China Box Office: Theaters Await Valentine’s Day

Mainland China’s cinema box office slowed to a lukewarm $75 million nationwide total over the weekend as theaters awaited new titles to replace the blockbusters that dominated January’s Lunar New Year holiday season.

Sci-fi thriller “The Wandering Earth 2” held on to the top spot for the second weekend with a $24.5 million haul between Friday and Sunday, according to data from consultancy Artisan Gateway.

It was the second weekend that it managed to hold off the Zhang Yimou-directed “Full River Red,” which earlier topped the Lunar New Year charts and is the highest grossing film of the year. Over the latest weekend, “Full River Red” earned $18.9 million.

Both titles were released on Jan 22. “Full River Red” now has a cumulative of $624 million. “The Wandering Earth 2” has a running total of $538 million.

They were followed by Chinese animation “Boonie Bears: Guardian Code,” which earned $9 million over the weekend, for a $199 million cumulative since Jan. 22. Children’s animation film “Deep Sea” earned $7.9 million for a £112 million cumulative.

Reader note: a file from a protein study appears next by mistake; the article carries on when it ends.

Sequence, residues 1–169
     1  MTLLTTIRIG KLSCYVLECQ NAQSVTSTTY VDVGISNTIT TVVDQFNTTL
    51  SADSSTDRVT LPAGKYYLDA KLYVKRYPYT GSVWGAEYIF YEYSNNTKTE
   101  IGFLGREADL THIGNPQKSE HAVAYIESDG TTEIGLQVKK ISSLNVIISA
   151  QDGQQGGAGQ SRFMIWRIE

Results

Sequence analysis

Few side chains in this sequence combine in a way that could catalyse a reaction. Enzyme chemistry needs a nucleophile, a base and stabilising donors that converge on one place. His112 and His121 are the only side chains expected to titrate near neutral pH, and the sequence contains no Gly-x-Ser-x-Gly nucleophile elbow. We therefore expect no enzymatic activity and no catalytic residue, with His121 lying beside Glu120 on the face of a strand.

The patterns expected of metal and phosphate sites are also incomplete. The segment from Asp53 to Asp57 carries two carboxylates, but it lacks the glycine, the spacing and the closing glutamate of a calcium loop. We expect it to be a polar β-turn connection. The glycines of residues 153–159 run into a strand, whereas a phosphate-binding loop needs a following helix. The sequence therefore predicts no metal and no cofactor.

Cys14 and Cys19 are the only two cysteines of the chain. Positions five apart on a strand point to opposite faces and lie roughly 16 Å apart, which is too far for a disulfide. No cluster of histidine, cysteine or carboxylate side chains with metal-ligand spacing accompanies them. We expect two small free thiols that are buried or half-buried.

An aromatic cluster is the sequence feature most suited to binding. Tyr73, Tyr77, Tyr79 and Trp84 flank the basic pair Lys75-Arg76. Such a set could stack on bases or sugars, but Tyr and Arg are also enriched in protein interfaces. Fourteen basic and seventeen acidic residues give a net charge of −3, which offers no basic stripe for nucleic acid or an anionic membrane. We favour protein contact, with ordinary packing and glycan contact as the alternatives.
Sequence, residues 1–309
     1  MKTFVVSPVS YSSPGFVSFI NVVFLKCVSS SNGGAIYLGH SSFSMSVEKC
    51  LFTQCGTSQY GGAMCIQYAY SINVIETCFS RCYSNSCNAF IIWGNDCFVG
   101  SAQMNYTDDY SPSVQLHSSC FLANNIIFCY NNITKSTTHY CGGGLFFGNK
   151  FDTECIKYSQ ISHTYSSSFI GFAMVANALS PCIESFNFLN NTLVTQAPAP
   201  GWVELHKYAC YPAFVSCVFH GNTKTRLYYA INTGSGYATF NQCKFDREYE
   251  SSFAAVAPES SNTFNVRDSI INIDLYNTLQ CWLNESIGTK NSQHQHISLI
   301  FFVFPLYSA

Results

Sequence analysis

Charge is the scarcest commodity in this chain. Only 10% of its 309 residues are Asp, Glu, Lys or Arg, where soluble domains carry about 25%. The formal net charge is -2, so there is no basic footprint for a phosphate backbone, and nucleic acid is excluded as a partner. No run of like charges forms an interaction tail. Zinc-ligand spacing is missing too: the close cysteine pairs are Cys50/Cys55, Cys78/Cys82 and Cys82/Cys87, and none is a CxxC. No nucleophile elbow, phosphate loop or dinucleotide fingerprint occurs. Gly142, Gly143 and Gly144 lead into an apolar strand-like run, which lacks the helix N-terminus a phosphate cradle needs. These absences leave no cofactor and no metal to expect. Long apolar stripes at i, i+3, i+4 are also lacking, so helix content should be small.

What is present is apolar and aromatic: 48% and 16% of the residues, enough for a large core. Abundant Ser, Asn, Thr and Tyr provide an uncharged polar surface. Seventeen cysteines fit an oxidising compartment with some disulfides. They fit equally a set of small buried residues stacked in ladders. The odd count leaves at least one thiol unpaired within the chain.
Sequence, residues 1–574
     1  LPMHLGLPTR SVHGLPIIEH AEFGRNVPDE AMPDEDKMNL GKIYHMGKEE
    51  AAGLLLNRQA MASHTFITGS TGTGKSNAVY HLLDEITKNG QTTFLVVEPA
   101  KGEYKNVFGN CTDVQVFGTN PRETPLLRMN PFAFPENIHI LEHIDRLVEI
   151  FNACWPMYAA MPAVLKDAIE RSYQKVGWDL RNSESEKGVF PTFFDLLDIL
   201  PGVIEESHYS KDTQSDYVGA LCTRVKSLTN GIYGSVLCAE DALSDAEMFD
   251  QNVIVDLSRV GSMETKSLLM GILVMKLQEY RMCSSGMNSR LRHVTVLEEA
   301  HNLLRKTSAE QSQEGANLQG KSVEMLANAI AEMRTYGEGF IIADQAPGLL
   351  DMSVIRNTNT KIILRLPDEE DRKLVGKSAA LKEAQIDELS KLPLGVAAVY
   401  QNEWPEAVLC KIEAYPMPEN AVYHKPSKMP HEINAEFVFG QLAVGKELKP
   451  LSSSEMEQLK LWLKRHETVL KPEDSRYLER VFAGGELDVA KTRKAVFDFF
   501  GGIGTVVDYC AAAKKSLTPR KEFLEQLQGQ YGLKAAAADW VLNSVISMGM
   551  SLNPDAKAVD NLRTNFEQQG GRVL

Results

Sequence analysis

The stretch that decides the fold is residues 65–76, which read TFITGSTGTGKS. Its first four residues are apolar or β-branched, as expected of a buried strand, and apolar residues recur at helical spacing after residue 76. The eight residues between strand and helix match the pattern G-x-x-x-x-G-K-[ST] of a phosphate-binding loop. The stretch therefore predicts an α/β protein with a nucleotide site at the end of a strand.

“Black Panther: Wakanda Forever” had an unusual Tuesday release in Chinese cinemas. Over the Friday-Sunday weekend, it earned $6 million in fifth place. After six days on release it has a cumulative of $12 million.

Gross revenues in Chinese cinemas so far this year now total $1.87 billion, according to Artisan Gateway. As the different timings of the Lunar New Year unwind the year-on-year comparisons begin to become more meaningful. As of Feb. 12, the 2023 total was some 18% ahead of 2022.

As many as six new romance and youth-oriented titles will release on Tuesday, in time for the Feb. 14 Valentine’s Day festivities, and provide audiences with a fresh choice for the first time in three weeks. Their impact, however, may be short-lived.

A crop of more weighty titles will release on Friday. These include Marvel’s “Ant Man and the Wasp: Quantumania,” “Journal of the Party Secretary” and, the likely winner, sports drama “Ping-Pong of China.”

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